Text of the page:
When it comes to Information Technology, I think understanding the concept of Systems Analysis is important for all IT Professionals. Systems analysis can be done at small scales, large scales, and anywhere in between. Whether you are talking about optimizing or speeding up one computer or a whole manufacturing process, systems analysis can give an understanding of how the system works, its desired outcomes, and any costs along the way. Systems analysis is formally a process of studying an organization, process, or product in order to determine its purposes, workflows, and goals in order to create a system that will achieve those results efficiently.
One approach to system improvement that I have long adhered to is what I call ‘find the bottleneck’. It’s a pretty simple, straight-forward concept that scales with the problem you are trying to tackle. Back in the day, if somebody complained about their computer being slow, the automatic response seemed to be ‘add more RAM’. RAM is a fairly cheap and very easy upgrade to do. It often addressed the first bottleneck in the system – the computer did not have enough free resources available, so it was using the swap file on the hard drive. Giving the computer more RAM meant swaps were less frequent and the slow process of writing to disk and reading it again was avoided.
Many people took the common solution ‘add more RAM’ and held onto it for dear life. Any time the computer was slow, they thought they just needed to add more RAM. This becomes an upgrade of diminishing returns as it made less of a difference on the system, all slots were currently full, and RAM wasn’t the bottleneck.
‘Find the bottleneck’ is my simplifying of a systems analysis process. It is more formally known as the Theory of Constraints with many more concepts, application, and management history behind it. It holds that if you do not address the constraint of a system, or the bottleneck, your investments are wasted and the system will remain at the same operating level it was before.
Example A: A factory churns out widgets. The process of making a widget moves across five different stations. Station #2 is the slowest station and is holding the process up. Even if you put substantial investments into all 4 of the other stations, you will not see any significant improvement because Station #2 is your constraint. If you incrementally improve Station #2, the entire process will improve with a throughput speed to match Station #2 until you come to the next bottleneck.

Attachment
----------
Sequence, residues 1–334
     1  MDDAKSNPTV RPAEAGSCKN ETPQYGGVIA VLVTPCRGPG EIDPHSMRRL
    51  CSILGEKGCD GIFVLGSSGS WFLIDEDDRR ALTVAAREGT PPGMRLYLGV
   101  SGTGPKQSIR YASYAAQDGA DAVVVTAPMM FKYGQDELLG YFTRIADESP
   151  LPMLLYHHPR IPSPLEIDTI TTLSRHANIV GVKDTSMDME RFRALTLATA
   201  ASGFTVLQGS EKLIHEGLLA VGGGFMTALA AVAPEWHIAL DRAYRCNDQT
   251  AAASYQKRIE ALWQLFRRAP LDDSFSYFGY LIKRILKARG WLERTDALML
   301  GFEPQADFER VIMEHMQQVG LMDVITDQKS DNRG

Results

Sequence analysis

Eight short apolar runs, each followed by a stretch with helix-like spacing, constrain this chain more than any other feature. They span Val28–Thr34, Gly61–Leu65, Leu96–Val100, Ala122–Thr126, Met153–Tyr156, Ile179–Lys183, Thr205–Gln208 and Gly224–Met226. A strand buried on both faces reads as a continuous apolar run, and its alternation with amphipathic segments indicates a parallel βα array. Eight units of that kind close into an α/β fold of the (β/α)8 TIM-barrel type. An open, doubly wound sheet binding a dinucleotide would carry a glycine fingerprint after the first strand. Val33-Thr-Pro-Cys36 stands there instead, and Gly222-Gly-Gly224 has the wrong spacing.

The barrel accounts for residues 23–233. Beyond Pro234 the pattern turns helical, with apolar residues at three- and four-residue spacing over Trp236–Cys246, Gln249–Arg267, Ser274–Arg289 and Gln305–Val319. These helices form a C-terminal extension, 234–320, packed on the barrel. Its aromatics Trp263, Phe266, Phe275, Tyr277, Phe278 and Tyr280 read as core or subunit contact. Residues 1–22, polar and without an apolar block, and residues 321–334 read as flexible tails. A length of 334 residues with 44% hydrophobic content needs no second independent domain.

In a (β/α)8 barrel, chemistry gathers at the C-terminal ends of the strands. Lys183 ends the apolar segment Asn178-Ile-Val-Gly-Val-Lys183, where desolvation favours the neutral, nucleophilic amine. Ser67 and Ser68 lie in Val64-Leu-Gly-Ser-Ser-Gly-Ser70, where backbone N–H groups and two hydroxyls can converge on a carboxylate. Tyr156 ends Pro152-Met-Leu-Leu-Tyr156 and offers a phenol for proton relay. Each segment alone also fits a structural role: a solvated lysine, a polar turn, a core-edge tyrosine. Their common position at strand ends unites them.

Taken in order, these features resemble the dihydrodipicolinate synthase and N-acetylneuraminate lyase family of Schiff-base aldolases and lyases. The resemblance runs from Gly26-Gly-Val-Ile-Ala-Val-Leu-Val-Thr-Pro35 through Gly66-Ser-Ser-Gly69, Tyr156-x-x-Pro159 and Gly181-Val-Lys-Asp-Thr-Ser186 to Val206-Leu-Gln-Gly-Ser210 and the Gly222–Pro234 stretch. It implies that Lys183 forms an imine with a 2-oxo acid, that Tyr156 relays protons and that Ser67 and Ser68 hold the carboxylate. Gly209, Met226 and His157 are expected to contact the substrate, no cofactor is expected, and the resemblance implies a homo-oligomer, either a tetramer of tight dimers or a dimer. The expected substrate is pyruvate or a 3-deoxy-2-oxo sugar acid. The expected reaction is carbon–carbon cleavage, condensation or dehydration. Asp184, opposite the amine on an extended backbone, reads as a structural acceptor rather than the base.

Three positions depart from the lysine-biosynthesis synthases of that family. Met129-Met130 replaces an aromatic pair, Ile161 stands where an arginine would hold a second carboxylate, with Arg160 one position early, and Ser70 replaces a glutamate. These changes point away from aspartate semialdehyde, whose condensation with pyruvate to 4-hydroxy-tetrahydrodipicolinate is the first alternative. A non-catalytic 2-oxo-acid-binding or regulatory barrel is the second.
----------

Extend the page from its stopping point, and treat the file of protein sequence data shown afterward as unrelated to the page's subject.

Example B: A group of people are hiking from a campground parking lot to the camp site. The average person walks at 2.0 MPH and the campsite is 4 miles away. Therefore people should arrive in 2 hours. The ranger, who went ahead of the group to prepare the site, expects people to arrive 2 hours after they arrived at the parking lot but finds himself waiting even longer. It turns out one of the walkers, Tim, was overloaded with equipment and walked to the campsite at a slower pace than 2.0 MPH. Even though others could walk faster and brought the average up, the whole group arrived late with Tim. Including additional faster walkers in the group might bring the average up but it is not addressing the problem. If the other walkers helped John with some of the equipment and raised his walking speed, the whole group would arrive closer to on time.
The Theory of Constraint is presented by Eliyahu M. Goldratt in his book The Goal, which is actually as old as I am. It uses the same model that The Phoenix Project draws from with ITIL, which I have reviewed previously, as a novelization approach to implementing process improvement in an organization.
Whether you are talking about a single system and trying to improve its performance, you won’t see a substantial improvement or get much out of your investment unless you address the bottleneck. For a ‘slow’ computer, the bottleneck might be the storage, the startup processes, the RAM available, or the processor. Switching from a traditional spinning hard drive to a solid state drive might net you the greatest improvement if the storage was the constraint in the system. However, if the computer is starving for RAM and has an old, slow processor, the switch to an SSD might not net you as much return on your investment.
If you were trying to increase the capacity of your deployment server ahead of a bulk amount of computers, you might analyze it and come away with a few ways to upgrade the system: processor, RAM, network speed, or storage. Given today’s virtualized infrastructures, it might be fairly painless to temporarily allocate additional RAM and CPUs to the system. The quantity of storage would not be a factor in determining the system’s performance but the speed of the storage would be. Given that deployment is a lot of reading from storage and transferring across the network, switching to faster storage or a faster network equipment for this bulk deployment would likely net the most increase in capacity, as would looking into multicasting or minimizing the size of your images. Sometimes an optimization isn’t throwing more resources at a problem but using them most efficiently.
I would never claim to be an expert at systems analysis or obeying the Theory of Constraint. I wrote this article to share a more formal framework for thinking problems like this through. After all, these sorts of issues seem to come up frequently in all departments of IT like Help Desk and Operations. From the single desktop system to the entire networked infrastructure and even the factory line, effectively improving the process requires finding the bottleneck first. Sometimes it might even be easier to improve some parts of the process and measuring the differences than measuring the individual components’ performances. Once you start making improvements to the bottleneck, the whole process should begin seeing improvements.